<header>
    <ng-content select="[cardHeader]"></ng-content>
  </header>
  <div>
    <ng-content></ng-content>
  </div>
  <footer>
    <ng-content select="[cardFooter]"></ng-content>
  </footer>
</div>

This example has a default slot and two "named" slots that accept all elements with the cardHeader / cardFooter attribute. We now can render elements into these slots by adding one of the two attributes:

<app-card>
  <h1 cardHeader>Title</h1>
  <p>Content</p>
  <a href="#" cardFooter>Read more</a>
</app-card>

The select attribute accepts other CSS selectors like:

  • Element selectors: my-element,
  • Class selectors: .btn
  • ID selectors: #header
  • Pseudo classes: .btn:not(.btn-secondary)
  • Combinations: .btn,#btn

If you want to put an element into a specific slot that doesn't match the selector, you can use ngProjectAs:

<!--
  Button is projected into <ng-content select=".btn">
  even if it doesn't have the `btn` class
-->
<button ngProjectAs=".btn" class="custom-button">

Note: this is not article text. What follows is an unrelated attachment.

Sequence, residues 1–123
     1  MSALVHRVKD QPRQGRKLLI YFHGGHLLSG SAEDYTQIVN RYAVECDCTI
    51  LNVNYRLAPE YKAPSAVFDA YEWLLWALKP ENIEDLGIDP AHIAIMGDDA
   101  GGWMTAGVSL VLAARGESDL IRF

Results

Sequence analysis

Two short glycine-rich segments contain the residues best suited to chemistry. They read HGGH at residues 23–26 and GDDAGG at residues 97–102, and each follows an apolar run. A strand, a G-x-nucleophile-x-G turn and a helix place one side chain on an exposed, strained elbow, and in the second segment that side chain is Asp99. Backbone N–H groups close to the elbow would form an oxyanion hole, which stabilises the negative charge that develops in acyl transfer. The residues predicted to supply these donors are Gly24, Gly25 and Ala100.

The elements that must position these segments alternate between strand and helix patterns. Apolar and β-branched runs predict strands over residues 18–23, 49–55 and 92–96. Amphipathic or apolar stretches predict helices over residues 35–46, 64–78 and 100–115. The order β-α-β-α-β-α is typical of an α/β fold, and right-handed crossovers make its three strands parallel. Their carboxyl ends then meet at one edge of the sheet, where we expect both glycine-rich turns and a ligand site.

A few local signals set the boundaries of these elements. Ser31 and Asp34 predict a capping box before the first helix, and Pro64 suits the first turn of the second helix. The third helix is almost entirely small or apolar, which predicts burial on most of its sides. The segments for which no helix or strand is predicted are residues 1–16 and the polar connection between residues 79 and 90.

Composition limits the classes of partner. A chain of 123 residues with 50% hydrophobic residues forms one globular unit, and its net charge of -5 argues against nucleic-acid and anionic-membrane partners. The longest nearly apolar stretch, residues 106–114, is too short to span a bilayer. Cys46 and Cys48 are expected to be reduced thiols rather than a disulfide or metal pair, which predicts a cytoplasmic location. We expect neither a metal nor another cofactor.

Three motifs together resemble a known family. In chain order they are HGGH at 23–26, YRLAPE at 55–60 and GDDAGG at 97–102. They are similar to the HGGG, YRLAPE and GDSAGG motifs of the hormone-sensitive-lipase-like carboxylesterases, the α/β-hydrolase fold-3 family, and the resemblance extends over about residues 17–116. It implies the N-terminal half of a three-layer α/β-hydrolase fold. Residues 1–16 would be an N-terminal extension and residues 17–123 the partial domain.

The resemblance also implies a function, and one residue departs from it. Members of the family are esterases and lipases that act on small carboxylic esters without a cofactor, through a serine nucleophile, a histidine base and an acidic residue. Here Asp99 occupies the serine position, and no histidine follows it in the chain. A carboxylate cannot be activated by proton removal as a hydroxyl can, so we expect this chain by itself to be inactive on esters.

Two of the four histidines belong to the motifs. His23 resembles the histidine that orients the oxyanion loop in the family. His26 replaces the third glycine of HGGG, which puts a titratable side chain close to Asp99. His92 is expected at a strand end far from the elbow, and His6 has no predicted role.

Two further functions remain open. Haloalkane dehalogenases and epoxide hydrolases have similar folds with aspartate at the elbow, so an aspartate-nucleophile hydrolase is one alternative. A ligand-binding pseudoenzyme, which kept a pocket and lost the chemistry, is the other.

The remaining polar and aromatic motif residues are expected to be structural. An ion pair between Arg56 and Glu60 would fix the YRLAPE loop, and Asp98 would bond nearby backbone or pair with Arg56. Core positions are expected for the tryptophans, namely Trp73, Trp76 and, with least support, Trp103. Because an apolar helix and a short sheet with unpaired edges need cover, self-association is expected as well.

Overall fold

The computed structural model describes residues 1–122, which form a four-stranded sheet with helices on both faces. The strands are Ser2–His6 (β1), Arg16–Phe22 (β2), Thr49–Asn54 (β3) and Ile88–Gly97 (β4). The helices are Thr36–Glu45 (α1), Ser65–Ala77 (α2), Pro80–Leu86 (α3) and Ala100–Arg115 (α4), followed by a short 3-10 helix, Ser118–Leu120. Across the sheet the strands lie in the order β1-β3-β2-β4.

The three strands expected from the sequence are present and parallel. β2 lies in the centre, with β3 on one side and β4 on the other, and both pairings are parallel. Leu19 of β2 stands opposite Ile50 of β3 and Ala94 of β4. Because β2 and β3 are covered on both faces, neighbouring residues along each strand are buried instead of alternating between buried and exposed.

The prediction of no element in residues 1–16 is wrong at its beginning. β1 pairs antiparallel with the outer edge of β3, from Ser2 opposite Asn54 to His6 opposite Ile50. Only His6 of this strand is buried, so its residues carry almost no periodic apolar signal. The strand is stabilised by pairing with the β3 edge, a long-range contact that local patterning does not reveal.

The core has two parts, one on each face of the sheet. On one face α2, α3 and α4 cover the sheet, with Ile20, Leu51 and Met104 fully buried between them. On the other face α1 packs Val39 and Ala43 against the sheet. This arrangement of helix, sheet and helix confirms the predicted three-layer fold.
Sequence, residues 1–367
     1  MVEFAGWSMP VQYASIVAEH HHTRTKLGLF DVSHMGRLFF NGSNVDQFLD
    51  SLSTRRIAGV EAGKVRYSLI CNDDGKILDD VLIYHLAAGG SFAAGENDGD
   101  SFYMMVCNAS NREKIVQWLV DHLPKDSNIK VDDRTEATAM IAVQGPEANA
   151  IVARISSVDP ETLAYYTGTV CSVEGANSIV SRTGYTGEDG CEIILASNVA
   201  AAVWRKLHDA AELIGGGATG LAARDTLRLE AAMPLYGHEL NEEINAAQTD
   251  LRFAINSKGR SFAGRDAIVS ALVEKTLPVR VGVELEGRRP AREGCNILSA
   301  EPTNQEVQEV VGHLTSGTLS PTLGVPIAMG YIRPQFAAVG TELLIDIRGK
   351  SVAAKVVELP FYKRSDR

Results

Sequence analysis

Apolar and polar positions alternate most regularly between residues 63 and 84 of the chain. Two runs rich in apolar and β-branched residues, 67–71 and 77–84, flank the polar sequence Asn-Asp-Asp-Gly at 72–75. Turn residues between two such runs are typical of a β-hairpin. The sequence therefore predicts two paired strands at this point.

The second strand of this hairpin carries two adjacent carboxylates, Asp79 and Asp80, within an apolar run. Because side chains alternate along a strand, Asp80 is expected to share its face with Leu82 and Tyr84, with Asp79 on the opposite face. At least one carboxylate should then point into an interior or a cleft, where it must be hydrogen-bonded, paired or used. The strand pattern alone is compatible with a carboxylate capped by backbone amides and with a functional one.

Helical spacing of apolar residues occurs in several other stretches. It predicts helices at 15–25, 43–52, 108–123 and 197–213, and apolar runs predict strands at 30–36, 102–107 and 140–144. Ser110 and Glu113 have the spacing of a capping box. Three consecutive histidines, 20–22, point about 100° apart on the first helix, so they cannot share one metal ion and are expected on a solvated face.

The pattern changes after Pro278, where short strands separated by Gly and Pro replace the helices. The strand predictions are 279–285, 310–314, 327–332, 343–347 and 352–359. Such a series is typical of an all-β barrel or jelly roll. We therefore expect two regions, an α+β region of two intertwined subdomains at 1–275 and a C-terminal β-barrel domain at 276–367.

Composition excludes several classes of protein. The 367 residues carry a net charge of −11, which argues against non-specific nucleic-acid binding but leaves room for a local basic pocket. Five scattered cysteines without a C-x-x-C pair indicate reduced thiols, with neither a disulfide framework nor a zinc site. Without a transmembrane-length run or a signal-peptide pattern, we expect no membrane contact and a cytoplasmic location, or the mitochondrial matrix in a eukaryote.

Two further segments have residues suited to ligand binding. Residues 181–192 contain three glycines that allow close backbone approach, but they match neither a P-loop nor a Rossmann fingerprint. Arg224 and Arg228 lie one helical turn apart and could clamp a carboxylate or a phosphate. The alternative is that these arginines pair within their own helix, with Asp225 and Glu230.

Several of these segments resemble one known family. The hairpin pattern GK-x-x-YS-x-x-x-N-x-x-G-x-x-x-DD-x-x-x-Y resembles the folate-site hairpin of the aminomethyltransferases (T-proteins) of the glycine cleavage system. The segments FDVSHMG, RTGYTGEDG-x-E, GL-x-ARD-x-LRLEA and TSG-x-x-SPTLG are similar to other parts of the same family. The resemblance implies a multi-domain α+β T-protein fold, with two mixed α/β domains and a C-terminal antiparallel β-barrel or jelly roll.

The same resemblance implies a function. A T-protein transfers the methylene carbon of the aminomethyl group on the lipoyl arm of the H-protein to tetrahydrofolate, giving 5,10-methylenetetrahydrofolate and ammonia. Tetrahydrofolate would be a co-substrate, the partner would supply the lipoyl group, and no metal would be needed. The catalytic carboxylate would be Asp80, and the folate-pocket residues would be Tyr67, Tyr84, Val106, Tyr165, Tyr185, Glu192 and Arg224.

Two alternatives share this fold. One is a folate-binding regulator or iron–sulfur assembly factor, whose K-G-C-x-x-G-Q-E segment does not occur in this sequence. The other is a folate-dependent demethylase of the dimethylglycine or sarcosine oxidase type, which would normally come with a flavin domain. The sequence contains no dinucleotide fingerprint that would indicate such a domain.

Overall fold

Click Me
</button>

How does this API compare to the approaches in React? The selector approach is very powerful and lets us control where to render elements. However, there are some drawbacks or limitations:

  • It's static. The select attribute cannot be bound to a dynamic value, it must be a static string. Likewise, matching the selector to elements is static, toggling a class on an element doesn't change if it's projected or not.
  • Rendered at least once: All projected content is rendered at least once, and then either actually added to the document (if it gets selected by the component) or thrown away if it's not matched by any ng-content element. It's better to use templates for conditional content projection.
  • Not type-safe (by default): The API is not type-safe. As a component consumer you don't know what selectors exist. Component developers can create and export empty components or directives that match the used selectors to provide some hints to the consumers of their components.
  • No nested content: Selectors cannot select nested elements. They only match direct children.

Summary

We saw different approaches of component slots in React. Now, which of them should you use? It depends (as always). All of them have pros and cons and it depends on your use case.

I hope that the RFC will be accepted and implemented in React, which will give us a better API than today's approaches.